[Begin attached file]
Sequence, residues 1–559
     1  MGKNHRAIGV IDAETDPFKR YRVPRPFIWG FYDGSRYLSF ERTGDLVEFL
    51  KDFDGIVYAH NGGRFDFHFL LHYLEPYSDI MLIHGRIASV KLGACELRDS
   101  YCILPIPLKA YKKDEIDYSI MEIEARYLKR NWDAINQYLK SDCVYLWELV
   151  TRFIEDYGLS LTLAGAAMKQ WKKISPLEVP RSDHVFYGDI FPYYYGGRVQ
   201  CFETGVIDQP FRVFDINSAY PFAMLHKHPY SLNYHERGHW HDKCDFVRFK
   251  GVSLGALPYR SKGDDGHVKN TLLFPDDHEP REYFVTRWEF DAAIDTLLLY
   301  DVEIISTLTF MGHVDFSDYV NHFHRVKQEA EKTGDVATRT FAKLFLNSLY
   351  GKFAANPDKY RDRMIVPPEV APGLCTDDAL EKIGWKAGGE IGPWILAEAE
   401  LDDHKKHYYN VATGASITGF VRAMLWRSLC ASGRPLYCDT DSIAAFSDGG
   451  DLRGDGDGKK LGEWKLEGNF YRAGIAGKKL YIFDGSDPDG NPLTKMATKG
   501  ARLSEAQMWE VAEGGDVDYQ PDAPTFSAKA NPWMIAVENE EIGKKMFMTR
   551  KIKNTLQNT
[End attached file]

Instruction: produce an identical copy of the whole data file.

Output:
Sequence, residues 1–559
     1  MGKNHRAIGV IDAETDPFKR YRVPRPFIWG FYDGSRYLSF ERTGDLVEFL
    51  KDFDGIVYAH NGGRFDFHFL LHYLEPYSDI MLIHGRIASV KLGACELRDS
   101  YCILPIPLKA YKKDEIDYSI MEIEARYLKR NWDAINQYLK SDCVYLWELV
   151  TRFIEDYGLS LTLAGAAMKQ WKKISPLEVP RSDHVFYGDI FPYYYGGRVQ
   201  CFETGVIDQP FRVFDINSAY PFAMLHKHPY SLNYHERGHW HDKCDFVRFK
   251  GVSLGALPYR SKGDDGHVKN TLLFPDDHEP REYFVTRWEF DAAIDTLLLY
   301  DVEIISTLTF MGHVDFSDYV NHFHRVKQEA EKTGDVATRT FAKLFLNSLY
   351  GKFAANPDKY RDRMIVPPEV APGLCTDDAL EKIGWKAGGE IGPWILAEAE
   401  LDDHKKHYYN VATGASITGF VRAMLWRSLC ASGRPLYCDT DSIAAFSDGG
   451  DLRGDGDGKK LGEWKLEGNF YRAGIAGKKL YIFDGSDPDG NPLTKMATKG
   501  ARLSEAQMWE VAEGGDVDYQ PDAPTFSAKA NPWMIAVENE EIGKKMFMTR
   551  KIKNTLQNT